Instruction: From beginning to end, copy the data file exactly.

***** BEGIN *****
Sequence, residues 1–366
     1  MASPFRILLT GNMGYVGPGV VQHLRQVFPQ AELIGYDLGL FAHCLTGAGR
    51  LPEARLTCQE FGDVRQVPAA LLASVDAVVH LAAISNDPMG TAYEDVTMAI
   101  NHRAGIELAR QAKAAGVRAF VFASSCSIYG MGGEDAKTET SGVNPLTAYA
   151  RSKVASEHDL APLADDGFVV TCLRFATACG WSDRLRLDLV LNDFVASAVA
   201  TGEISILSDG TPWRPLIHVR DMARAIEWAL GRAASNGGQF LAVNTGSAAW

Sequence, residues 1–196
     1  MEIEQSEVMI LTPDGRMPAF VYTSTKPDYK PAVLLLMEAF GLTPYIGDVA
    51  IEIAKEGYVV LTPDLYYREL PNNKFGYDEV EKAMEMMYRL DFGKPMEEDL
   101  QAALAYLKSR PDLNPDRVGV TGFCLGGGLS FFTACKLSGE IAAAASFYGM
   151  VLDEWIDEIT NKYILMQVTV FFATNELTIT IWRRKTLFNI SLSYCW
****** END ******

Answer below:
Sequence, residues 1–366
     1  MASPFRILLT GNMGYVGPGV VQHLRQVFPQ AELIGYDLGL FAHCLTGAGR
    51  LPEARLTCQE FGDVRQVPAA LLASVDAVVH LAAISNDPMG TAYEDVTMAI
   101  NHRAGIELAR QAKAAGVRAF VFASSCSIYG MGGEDAKTET SGVNPLTAYA
   151  RSKVASEHDL APLADDGFVV TCLRFATACG WSDRLRLDLV LNDFVASAVA
   201  TGEISILSDG TPWRPLIHVR DMARAIEWAL GRAASNGGQF LAVNTGSAAW

Sequence, residues 1–196
     1  MEIEQSEVMI LTPDGRMPAF VYTSTKPDYK PAVLLLMEAF GLTPYIGDVA
    51  IEIAKEGYVV LTPDLYYREL PNNKFGYDEV EKAMEMMYRL DFGKPMEEDL
   101  QAALAYLKSR PDLNPDRVGV TGFCLGGGLS FFTACKLSGE IAAAASFYGM
   151  VLDEWIDEIT NKYILMQVTV FFATNELTIT IWRRKTLFNI SLSYCW